So as we have seen the challenges surrounding cyber security in the Energy sector link directly back to the trilemma we are facing. So where should organisations be focusing their efforts when it comes to getting cyber security right. It’s also worth remembering that if we can solve these problems to protect against the most skilled attackers out there, everyone else should be straightforward to handle. At MWR we have identified four key areas that are the foundations to getting our approach right:
The organisation will only follow if the leaders set the standard. Therefore, it’s critical that cyber security is sponsored right from the top of the business and is managed effectively right down to the shop floor. Governance models such as ISO 27001 can be used to support this but be warned that they will only be effective if they accurately map to the systems and technologies that you are using.
Cyber Security is ultimately a technical problem as without technology we would not be facing the challenges we are. Therefore, the problem does map back to the people who design, manufacture, install and run the technology we use. Within the energy sector there is one key group on whom everyone else relies, the technology vendors themselves. It is important that our vendors understand how to get cyber security right and build in the right controls into our systems with the level of security quality that’s needed to protect us against attack.
3. Design and Architecture
The security of the technologies within the complex systems we find across the sector, such as the Smart Grid, can be significantly enhanced by the design and architecture of the system or environment they sit within. Using effective architectural patterns and the right combination of security controls that are closely aligned to the threats that we are facing we can provide a solid foundation on which to build.
4. Education and Awareness
In order to execute all of this well needs an entire industry to understand both the challenges and what the right solutions are. That needs us to educate everyone so that they understand what their part is in this space and where they can get help when they need it.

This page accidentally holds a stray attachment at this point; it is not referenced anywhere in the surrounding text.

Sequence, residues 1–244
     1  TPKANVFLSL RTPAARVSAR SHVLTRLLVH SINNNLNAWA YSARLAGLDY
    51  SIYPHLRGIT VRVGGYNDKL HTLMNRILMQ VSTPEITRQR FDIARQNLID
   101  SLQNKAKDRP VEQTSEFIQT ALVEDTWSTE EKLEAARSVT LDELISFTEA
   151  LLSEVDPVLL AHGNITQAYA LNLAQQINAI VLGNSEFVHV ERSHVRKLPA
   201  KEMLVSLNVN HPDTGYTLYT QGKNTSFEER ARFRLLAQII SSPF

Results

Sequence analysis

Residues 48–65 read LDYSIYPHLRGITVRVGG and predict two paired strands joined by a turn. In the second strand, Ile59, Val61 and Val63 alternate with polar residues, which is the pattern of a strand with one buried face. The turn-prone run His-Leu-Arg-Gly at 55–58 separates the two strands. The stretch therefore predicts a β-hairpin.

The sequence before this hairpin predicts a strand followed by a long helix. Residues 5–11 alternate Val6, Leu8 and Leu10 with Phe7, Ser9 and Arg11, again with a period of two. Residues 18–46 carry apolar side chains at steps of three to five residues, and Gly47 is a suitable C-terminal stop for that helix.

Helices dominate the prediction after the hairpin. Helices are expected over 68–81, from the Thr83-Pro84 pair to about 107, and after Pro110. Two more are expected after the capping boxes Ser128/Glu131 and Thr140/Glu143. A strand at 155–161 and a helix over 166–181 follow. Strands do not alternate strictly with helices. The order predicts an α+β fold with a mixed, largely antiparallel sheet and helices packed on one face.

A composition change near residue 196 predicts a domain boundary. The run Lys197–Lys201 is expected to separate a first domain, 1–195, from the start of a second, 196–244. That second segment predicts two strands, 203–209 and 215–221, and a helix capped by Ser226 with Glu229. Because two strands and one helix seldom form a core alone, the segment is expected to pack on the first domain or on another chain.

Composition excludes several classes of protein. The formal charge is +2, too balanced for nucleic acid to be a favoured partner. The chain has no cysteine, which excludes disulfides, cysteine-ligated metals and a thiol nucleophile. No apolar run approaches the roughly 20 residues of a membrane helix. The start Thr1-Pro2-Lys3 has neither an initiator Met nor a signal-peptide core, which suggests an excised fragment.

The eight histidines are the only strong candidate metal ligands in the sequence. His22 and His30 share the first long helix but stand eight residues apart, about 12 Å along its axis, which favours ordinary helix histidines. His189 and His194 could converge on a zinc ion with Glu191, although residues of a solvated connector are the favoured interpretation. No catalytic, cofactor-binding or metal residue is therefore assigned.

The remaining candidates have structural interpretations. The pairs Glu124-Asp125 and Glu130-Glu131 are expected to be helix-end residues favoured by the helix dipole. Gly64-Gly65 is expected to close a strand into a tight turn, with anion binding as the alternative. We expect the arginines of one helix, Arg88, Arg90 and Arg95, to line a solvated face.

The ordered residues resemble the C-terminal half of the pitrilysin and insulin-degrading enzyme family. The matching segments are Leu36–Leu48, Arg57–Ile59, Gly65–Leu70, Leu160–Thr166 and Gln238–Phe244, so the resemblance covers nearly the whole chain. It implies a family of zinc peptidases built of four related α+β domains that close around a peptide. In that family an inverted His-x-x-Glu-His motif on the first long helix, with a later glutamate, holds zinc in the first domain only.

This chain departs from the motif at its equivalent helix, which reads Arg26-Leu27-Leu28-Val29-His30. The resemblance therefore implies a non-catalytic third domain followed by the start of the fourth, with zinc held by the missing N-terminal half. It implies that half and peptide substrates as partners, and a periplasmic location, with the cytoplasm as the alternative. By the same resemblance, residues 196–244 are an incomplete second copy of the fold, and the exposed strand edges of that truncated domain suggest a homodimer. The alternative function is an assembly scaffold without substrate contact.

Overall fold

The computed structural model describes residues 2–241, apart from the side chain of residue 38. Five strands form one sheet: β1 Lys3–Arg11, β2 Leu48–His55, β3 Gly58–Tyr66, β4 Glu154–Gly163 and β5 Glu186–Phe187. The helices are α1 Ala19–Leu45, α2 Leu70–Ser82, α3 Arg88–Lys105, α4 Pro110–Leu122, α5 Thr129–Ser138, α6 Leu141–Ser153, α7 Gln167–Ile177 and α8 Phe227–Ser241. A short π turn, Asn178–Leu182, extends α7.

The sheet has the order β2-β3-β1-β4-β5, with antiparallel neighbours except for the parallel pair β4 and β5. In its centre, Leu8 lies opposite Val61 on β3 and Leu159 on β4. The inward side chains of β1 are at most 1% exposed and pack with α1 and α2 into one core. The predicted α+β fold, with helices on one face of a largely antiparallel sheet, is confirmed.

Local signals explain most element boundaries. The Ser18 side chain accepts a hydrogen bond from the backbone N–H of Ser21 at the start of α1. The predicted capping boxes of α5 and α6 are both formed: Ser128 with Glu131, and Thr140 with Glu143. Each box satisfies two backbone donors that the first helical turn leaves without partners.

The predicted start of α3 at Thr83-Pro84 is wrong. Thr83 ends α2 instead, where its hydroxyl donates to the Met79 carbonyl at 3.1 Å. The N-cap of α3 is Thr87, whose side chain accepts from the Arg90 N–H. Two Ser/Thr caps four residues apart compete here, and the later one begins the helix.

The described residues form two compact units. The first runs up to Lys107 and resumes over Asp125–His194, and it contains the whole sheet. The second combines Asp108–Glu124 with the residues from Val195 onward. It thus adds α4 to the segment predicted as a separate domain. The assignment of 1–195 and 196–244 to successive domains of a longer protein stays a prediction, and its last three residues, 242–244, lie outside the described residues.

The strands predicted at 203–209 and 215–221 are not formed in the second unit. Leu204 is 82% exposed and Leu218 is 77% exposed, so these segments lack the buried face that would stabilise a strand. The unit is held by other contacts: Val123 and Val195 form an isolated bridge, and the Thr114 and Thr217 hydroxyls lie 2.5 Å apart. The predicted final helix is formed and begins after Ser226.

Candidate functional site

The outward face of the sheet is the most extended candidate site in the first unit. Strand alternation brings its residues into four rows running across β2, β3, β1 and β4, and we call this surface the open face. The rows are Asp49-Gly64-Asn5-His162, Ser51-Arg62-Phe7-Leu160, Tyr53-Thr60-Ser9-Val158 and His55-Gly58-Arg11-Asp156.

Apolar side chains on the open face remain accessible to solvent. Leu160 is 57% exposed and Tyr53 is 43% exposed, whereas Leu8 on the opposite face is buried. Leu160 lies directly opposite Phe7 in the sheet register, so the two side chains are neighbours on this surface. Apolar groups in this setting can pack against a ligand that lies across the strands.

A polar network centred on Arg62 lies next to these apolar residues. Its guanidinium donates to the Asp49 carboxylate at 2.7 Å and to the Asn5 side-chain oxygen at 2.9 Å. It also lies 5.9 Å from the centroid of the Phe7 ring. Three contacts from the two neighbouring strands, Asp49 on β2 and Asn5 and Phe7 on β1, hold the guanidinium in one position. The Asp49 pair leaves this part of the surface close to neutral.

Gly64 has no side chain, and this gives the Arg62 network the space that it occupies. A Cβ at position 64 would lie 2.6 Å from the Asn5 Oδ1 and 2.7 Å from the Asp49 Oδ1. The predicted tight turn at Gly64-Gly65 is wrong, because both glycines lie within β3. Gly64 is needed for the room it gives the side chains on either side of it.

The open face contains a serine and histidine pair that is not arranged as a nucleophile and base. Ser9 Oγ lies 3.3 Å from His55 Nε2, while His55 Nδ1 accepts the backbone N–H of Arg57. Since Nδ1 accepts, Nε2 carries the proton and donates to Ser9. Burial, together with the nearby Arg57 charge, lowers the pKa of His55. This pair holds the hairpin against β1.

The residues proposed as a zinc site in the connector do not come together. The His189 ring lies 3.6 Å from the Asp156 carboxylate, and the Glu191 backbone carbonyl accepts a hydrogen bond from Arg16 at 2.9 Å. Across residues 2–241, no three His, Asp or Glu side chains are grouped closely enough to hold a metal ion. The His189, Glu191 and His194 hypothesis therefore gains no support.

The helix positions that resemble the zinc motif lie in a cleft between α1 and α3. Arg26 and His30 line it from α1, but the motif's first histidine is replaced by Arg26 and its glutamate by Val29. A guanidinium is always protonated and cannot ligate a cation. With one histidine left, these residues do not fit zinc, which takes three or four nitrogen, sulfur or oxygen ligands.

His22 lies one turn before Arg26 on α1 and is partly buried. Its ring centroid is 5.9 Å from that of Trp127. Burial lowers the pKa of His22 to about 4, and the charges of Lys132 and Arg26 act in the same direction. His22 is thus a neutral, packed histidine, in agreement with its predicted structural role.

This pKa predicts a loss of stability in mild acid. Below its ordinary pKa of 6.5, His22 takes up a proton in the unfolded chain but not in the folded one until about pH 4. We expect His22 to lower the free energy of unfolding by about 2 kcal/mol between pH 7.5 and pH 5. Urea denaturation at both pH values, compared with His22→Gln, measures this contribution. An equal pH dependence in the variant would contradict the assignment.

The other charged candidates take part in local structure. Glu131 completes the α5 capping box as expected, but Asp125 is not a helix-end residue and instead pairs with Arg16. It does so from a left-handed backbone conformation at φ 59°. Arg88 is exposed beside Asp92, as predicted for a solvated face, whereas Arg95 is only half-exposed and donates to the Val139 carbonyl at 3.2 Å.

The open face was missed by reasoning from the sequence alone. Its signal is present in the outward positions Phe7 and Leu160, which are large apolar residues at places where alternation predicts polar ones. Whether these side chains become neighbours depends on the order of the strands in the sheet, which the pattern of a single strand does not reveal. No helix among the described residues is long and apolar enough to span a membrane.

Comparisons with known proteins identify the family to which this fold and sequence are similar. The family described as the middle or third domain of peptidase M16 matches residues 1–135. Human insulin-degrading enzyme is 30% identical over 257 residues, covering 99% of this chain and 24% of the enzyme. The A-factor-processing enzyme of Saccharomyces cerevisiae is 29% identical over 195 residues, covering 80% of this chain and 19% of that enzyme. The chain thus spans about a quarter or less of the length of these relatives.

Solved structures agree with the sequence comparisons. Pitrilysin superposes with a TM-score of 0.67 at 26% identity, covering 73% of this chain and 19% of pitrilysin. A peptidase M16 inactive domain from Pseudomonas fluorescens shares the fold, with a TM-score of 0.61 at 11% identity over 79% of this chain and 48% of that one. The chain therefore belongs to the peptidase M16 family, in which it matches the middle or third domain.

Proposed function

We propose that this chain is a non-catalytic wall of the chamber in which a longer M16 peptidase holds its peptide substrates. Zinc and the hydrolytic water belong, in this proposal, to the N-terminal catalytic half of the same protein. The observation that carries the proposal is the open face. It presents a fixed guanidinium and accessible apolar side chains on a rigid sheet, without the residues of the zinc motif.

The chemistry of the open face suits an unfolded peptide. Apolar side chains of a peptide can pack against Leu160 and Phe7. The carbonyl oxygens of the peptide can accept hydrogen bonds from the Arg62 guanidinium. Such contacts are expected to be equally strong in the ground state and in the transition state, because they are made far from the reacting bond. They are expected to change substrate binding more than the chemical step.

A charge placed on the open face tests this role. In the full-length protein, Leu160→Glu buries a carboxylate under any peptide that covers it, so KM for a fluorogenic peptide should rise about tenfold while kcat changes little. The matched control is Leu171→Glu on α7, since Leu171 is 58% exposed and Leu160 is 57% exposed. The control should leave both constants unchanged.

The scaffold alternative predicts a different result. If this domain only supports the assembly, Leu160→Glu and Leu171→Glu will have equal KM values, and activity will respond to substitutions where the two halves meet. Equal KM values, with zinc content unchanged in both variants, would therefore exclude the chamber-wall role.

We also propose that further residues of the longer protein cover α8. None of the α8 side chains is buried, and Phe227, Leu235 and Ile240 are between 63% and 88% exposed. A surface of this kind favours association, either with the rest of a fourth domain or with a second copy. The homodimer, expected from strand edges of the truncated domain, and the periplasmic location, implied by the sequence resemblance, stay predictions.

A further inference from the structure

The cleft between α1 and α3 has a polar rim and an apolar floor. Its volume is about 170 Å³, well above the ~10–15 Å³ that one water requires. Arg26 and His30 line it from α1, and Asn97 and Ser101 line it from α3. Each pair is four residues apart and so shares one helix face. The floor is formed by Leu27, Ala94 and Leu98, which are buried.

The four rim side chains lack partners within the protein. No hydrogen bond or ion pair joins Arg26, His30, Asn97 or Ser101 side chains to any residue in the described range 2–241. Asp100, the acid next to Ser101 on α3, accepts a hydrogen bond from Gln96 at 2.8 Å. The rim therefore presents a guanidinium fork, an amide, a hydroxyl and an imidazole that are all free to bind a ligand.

One thing that is clear from these solutions is that no one organisation or company can or should be solving them all or in one go. It is therefore important that the industry as a whole comes together to address the issues. All parts of the industry are acutely aware of the trilemma so helping the industry to understand the challenges and opportunities in cyber security is achievable. By building our knowledge of best practice and cross industry solutions we can make progress and at MWR we will be working to support those efforts.
It may not seem like it to the many people in the Energy sector having to deal with the trilemma, but Cyber Security needs to be included in the approach that we are using to face it. Otherwise our adversaries who have increasing capability to impact the sector will use the political benefits of governmental failings in the Energy sector to cause their damage. Not only does this have ramifications for Governments around the world, such attacks will have a ripple effect on everyone within the sector and its supply chain as we have discussed.
This is without factoring in all the other attackers who might seek to gain from security weaknesses in the sector. It is therefore important that there is a collective effort to address some of the issues that will arise if the right path is not taken towards our Smart Energy future.